In this study, a laser headlight electrical system was developed and implemented to measure and compare the electro-optic characteristics of the blue-beam laser diodes (BBLDs). To observe different temperatures (from negative to positive temperatures) that cause optical output power (OOP) and electrical power variations of the BBLDs, BBLDs were placed in an ambient temperature testing chamber, and the electro-optic characteristics of the BBLDs were measured to estimate the electro-optic conversion efficiencies. The different OOPs and electro-optic conversion efficiencies at different temperatures can be obtained when OOP adjustment was performed by average current and low-frequency pulse-duty cycle modulation technologies. Moreover, this study developed a human–machine interface using the LabVIEW software; therefore, the laser headlight electrical system can be controlled and monitored by a computer with the controller area network (CAN) bus communication. Finally, the prototype of the laser headlight electrical system was achieved, and three BBLDs were driven; furthermore, the white light of the headlight can be produced by mixing blue laser beams with a yellow fluorescence ceramic wafer.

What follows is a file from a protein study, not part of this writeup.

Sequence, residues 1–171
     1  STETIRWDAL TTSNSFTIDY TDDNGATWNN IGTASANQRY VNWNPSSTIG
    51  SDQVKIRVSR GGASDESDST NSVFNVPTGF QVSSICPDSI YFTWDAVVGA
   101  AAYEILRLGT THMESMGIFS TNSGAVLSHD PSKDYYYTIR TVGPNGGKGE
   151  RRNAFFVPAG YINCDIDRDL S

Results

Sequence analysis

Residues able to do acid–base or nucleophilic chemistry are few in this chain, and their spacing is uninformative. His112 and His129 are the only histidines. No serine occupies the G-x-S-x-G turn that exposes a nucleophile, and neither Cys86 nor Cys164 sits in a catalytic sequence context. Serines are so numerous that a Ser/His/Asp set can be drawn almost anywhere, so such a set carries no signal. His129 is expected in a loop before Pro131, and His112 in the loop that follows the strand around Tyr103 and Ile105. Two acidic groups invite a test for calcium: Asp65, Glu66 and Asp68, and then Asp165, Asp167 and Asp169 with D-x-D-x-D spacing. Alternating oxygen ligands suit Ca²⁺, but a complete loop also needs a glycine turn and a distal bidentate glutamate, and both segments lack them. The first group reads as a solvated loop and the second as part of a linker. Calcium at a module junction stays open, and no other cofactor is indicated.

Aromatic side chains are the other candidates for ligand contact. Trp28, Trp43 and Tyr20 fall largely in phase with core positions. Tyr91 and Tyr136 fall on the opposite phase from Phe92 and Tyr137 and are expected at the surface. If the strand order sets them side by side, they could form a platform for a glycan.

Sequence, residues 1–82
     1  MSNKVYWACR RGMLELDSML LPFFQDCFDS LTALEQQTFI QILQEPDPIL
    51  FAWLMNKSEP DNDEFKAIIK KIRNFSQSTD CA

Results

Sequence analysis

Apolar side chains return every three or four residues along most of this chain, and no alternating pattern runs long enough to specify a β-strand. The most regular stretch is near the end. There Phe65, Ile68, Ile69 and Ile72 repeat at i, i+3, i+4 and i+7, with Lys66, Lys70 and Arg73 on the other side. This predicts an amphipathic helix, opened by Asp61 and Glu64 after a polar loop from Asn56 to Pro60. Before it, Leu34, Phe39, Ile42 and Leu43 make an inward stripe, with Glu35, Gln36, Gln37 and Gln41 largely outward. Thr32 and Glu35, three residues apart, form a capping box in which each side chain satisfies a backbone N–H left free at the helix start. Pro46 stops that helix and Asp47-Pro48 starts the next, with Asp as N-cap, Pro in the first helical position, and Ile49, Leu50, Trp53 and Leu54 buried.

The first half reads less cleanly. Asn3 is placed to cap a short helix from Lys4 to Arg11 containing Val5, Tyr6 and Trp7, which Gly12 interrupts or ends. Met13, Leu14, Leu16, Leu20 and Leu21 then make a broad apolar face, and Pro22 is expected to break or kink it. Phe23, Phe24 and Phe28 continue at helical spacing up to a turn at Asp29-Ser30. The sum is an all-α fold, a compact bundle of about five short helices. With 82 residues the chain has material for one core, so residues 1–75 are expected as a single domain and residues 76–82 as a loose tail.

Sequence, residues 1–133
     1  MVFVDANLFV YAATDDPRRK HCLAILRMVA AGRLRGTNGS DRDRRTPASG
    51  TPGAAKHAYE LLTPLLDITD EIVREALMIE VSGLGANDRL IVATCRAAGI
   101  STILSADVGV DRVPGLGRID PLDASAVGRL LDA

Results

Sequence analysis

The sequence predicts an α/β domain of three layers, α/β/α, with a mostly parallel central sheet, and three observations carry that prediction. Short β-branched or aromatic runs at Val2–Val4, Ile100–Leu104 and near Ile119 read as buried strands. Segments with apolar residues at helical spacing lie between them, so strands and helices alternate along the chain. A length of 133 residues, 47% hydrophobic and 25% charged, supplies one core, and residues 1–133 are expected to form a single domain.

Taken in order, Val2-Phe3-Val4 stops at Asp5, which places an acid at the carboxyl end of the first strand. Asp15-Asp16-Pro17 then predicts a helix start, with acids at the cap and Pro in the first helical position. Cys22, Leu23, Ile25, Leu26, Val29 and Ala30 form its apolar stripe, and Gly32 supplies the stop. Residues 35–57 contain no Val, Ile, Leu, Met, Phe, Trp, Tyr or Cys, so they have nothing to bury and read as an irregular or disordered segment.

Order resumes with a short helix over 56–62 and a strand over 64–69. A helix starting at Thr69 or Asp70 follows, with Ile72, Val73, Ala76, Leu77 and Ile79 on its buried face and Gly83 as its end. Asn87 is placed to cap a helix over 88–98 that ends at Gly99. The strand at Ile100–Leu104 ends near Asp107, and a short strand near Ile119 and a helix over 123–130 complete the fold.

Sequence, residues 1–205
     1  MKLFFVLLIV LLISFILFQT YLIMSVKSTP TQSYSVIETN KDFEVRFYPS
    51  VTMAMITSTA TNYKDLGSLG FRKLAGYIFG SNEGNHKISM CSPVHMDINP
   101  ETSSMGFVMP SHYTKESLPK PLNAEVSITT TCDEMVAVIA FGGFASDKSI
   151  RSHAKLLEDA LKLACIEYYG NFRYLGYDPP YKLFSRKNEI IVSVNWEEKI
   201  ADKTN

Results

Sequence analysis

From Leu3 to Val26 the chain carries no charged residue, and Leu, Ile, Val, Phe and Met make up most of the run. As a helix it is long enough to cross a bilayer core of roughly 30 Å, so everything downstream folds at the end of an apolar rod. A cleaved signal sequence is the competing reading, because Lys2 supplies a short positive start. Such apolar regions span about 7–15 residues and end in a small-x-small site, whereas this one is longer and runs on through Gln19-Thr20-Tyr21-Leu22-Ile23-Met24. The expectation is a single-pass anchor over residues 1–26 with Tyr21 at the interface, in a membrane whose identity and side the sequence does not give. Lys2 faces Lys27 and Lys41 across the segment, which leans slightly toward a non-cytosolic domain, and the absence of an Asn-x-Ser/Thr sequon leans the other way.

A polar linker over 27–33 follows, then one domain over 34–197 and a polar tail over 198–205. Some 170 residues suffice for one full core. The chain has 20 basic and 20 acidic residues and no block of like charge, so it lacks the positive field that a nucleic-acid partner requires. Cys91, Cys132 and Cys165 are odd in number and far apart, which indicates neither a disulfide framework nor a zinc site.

ASJC Scopus subject areas